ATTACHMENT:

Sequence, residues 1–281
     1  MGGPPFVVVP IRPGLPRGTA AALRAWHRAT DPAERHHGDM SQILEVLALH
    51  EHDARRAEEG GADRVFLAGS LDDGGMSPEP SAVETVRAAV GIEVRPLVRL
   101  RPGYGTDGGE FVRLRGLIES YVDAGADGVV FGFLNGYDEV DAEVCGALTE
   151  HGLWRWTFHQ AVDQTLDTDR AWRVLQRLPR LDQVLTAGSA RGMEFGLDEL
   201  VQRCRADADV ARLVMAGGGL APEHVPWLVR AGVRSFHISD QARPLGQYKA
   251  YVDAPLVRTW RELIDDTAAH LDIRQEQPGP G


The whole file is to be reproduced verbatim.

Sequence, residues 1–281
     1  MGGPPFVVVP IRPGLPRGTA AALRAWHRAT DPAERHHGDM SQILEVLALH
    51  EHDARRAEEG GADRVFLAGS LDDGGMSPEP SAVETVRAAV GIEVRPLVRL
   101  RPGYGTDGGE FVRLRGLIES YVDAGADGVV FGFLNGYDEV DAEVCGALTE
   151  HGLWRWTFHQ AVDQTLDTDR AWRVLQRLPR LDQVLTAGSA RGMEFGLDEL
   201  VQRCRADADV ARLVMAGGGL APEHVPWLVR AGVRSFHISD QARPLGQYKA
   251  YVDAPLVRTW RELIDDTAAH LDIRQEQPGP G